Without a doubt, the component that takes the most stress in a cryptocurrency mining rig is its power supply. Of course, when you choose to install multiple GPUs for mining, you have to complement them with a powerful PSU or use more than one power supply to deal with the load. Given lots of demand right now, you might find the highest-capacity models out of stock. While it might be tempting to use a lower-capacity PSU pushed closer to its limit, that can lead to catastrophic results, especially since mining rigs often operate unattended. It goes without saying that mining requires a high-quality and ultra-reliable power source. Capacity and PCIe connector count shouldn't be the only factors that influence your purchasing decision. So, to help you pick the best PSU for your mining rig, we're digging deep into our comprehensive database of benchmark results to identify the top models.

A mining PC's PSU needs to have some specific features and specifications if it's to survive the job you're giving it. We're going to use the requirements set forth by Cybenetics in its Mining-Ready PSU project as a foundation for our project.

We define home miners as folks dabbling in cryptocurrency mining on the side. They don't want to spend a fortune building dedicated mining machines. Instead, they're looking for something that'll yield some profit and won't cost much. The home miner's rigs are running somewhere inside the house, subjected to reasonable ambient temperatures. Still, noise can't be allowed to get out of control.

Below you'll find our selections for the best PSUs for cryptocurrency mining, a list of our requirements and recommendations, details on the selected PSUs, and some benchmark numbers based on critical criteria. This page is for those mining at home; the following page is for professional mining.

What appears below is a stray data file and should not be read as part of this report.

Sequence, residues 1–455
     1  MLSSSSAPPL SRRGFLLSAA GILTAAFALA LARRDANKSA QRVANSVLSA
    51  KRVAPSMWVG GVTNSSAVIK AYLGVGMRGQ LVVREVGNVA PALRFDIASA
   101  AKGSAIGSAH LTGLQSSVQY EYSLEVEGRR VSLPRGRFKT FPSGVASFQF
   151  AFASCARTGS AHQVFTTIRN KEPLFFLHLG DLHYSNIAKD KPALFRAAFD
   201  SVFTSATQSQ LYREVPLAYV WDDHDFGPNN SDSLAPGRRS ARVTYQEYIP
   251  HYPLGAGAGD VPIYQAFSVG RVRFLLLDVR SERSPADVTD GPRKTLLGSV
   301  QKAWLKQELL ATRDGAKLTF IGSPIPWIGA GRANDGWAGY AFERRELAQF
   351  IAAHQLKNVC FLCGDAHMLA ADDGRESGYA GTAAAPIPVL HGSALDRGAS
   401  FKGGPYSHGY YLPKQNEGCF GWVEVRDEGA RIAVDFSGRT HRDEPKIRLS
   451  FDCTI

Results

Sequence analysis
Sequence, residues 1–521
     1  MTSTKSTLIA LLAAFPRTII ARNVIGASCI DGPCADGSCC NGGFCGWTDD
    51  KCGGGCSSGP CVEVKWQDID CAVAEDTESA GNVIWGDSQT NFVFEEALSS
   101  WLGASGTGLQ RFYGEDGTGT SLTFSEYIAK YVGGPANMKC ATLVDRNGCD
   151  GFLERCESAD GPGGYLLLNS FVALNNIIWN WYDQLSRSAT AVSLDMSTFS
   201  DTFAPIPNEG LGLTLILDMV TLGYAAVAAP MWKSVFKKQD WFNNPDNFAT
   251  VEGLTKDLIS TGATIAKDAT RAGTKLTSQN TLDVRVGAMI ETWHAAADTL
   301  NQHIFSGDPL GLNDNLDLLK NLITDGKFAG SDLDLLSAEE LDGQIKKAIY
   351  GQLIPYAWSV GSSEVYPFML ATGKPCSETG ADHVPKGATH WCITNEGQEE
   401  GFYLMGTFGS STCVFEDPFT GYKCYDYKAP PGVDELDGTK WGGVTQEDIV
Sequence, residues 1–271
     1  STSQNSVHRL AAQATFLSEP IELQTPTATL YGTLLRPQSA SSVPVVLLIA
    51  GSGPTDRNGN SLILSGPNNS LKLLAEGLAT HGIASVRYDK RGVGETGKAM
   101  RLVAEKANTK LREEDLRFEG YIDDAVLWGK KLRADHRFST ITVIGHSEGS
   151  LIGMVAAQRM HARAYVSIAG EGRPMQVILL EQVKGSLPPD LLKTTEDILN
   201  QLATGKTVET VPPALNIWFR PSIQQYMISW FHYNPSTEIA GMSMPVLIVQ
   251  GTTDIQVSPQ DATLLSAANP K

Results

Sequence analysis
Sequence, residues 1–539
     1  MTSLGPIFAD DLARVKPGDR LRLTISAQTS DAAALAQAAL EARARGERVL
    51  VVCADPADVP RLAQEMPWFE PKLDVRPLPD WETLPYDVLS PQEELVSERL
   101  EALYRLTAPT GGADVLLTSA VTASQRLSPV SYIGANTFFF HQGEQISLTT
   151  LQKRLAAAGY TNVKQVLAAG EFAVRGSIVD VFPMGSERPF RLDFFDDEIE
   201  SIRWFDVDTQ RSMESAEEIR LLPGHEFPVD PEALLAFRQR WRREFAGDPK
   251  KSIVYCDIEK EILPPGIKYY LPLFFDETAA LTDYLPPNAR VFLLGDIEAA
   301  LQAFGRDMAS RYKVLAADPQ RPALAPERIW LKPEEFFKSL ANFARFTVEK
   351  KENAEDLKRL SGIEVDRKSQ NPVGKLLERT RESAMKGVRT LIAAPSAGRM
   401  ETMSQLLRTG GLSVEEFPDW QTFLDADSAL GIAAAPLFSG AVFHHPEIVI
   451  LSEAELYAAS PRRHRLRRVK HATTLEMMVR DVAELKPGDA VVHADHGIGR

In total, we have 15 requirements and five recommendations for PSUs used in home-based cryptocurrency mining PCs. The most important are the efficiency and build quality factors, along with capacity. Inside of a home, where this type of mining rig will operate, climate control maintains comfortable temperatures, so in most cases we accept FDB fans and their derivatives. These don't have reliability issues below 35C ambient. The fan does have to use a true FDB or high-quality rifle bearing, and not just a plain sleeve bearing. Those are the cheapest and most unreliable solutions for PSUs running 24/7.

Another recommendation is to use your PSU with 230V input whenever possible. Besides 1-2%-higher efficiency, this also reduces the amperage passing through the AC power cord by half. As a result, the cord endures much less stress. If you live in a region with 115V mains and can afford the installation of 230V sockets in your home, definitely use them for your mining ventures.

Their problem with the majority of failed PSUs has to do with the power-good signals that we measured, which are either lower than the ATX spec recommends or inaccurate (or both). Even in PSUs used for normal tasks, an inaccurate signal can prove fatal. So imagine what happens to your pricey graphics cards if the rails go out of spec and the PSU pretends everything is still good, rather than telling your motherboard to shut down immediately. Very low voltage levels will push the graphics card's and motherboard's DC-DC converters to their limits, potentially frying components. It's a shame to see such high-end PSUs reporting fake power-good signals. Although they satisfy the rest of our requirements, we strongly advise against them.

With a longer hold-up time and an accurate power-good signal, the 1.5kW Toughpower would be ideal for a home mining system since it offers lots of capacity and 10 PCIe connectors on dedicated cables. If Thermaltake listens to our recommendations and fixes this unit, we will surely add it to our list. Cooler Master's MasterWatt doesn't fall short by much. Should the company rectify its shortcomings, it'll only have to tune its power-good signal accordingly. The Enermax Platimax D.F 1200W is only a hair away from the power-ok signal's requirement, however it only has six PCIe connectors which are too few for a PSU of such high capacity.

Disclaimer: Aris Mpitziopoulos is Tom's Hardware's PSU reviewer. He is also the Chief Testing Engineer of Cybenetics, and developed the Cybenetics certification methodologies apart from his role on Tom's Hardware. Neither Tom's Hardware nor its parent company, Purch Media, are financially involved with Cybenetics. Aris does not perform the actual certifications for Cybenetics.